Louisa Community Chorus hits high notes with former music teacher

Posted on Friday, March 28, 2014 at 10:00 am

Ann Porter returns to Louisa for a special performance by Louisa Community Chorus this weekend. Porter was a part of the chorus, as well as a musical educator with Louisa County Public Schools.

Ann Porter returns to Louisa for a special performance by Louisa Community Chorus this weekend. Porter was a part of the chorus, as well as a musical educator with Louisa County Public Schools.

Long before the television show “Glee” made it cool to be a choir kid, a petite-framed, mighty force of a musical lady had students of Louisa County and its residents excited to sing.

When Ann Porter moved to the area with her husband Bill, a former Louisa county administrator, and two children, Clay and Kate, in 1985, no one could have predicted the impact that she would have on the community, helping to build a vast appreciation for the fine arts. She generated interest from those who had never considered carrying a tune anywhere other than in their shower or car.

In her 12 years as a musical educator with Louisa County Public Schools and volunteer contributor to the Louisa Community Chorus, Porter was an inspiration to local residents with her endless talent and love for all sounds, and ability to coach and foster even the most insecure and inexperienced of performers into “Gleeks.” She made music infectious, and it was a disease that everyone wanted to catch until she moved from the area in 1997.

On Sunday, locals will once again have a chance to enjoy a Porter production when the Williamsburg resident guest directs the Louisa Community Chorus in its spring concert at the Louisa United Methodist Church. And, if the anticipated turn-out is anywhere near the crowds she could draw during all of the many musical productions on which she worked while living here, spectators might want to arrive early to ensure a seat. A second show has already been added to the afternoon as a result of high interest.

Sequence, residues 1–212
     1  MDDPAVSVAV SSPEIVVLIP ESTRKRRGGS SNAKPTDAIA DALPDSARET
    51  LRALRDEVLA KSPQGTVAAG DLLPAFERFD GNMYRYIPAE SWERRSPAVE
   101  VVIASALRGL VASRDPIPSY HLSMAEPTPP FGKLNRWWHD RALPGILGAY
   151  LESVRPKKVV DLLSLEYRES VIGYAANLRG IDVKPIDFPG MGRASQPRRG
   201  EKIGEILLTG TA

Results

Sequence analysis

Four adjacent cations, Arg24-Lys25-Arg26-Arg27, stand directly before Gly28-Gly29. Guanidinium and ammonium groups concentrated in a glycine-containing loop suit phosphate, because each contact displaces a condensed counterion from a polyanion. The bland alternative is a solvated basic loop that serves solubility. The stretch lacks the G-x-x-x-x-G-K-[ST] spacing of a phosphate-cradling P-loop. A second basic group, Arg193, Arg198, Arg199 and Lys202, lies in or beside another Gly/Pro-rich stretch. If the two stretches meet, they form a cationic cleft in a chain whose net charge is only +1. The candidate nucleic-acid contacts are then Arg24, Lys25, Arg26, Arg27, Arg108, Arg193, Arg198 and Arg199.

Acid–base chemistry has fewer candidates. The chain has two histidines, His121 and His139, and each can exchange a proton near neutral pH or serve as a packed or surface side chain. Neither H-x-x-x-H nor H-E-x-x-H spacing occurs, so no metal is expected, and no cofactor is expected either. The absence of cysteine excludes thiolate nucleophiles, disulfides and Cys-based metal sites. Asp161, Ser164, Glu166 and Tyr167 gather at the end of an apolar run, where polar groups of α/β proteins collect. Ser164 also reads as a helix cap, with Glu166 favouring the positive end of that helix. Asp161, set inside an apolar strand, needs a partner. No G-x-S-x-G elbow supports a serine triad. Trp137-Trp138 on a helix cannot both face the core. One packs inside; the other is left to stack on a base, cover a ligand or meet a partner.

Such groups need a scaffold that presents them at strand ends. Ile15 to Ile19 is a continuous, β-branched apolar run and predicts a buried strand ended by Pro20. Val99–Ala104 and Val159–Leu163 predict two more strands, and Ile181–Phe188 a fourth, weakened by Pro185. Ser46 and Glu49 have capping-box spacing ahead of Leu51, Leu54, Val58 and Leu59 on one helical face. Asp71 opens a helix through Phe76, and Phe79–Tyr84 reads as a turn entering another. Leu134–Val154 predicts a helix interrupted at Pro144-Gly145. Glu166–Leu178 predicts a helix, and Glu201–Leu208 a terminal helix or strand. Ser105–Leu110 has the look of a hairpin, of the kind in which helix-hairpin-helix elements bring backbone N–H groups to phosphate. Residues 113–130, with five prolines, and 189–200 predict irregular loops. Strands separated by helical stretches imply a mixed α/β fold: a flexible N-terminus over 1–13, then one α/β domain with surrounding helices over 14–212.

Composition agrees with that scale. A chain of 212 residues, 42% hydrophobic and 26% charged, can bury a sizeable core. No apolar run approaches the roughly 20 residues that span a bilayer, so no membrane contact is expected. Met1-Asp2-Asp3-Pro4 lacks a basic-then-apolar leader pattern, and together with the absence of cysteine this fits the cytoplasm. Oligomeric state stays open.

Porter said she knew early on that she was destined to have a life filled with music when she began taking daily piano lessons with her aunt at age five.

“The first new piece of furniture ever bought for our home was a piano,” Porter said. “I had very supportive parents … [and] wonderful mentors along the way who encouraged me.”

Although she has many accolades and a list of impressive credentials, Porter does not boast. She is noted for the consummate support and expert advice that she provides to other musicians, and her innate ability to place voices together in the most harmonic of ways. She maintains that time spent in Louisa was particularly special.

“My 11 years in Louisa were probably my favorite teaching years working in a community,” she said. “I had never experienced young people who so wanted to sing. There were so many talented kids.”

Porter praised several peers with whom she collaborated over the years to create some of this musical magic.

“What was really thrilling and a highlight for me was working with Peggy Sadler, Patty Driskill, Ginna Cullen and Hilda Gibson,” said Porter of her three former Louisa County High School co-workers and accompanist for most performances.  She also expressed gratitude to the superintendent and faculty of LCHS at the time for being “so supportive of all our activities.”

Aside from teaching piano, guitar lessons and creating several choirs, ranging from a beginners group to the elite Chamber Chorale, a small ensemble in which students had to audition to make Porter was instrumental in bringing musical theatre to Louisa County and giving locals a little glimpse of Broadway.

Starting with “Bye Bye Birdie” the year after she arrived, Porter and her peers collaborated on several hit productions that allowed students to display their talents equal to those of any community theatre.

“That first year, we didn’t know what to expect,” said Porter. “It turned out that we turned people away from that show. The auditorium could not hold the people who came.”

The popularity of these special productions grew over the years, and from 1986 to 1996, residents began to look forward to spring to see what LCHS students would bring to the stage. The youngsters did not disappoint.

To read the entire story, see the March 27 edition of The Central Virginian.

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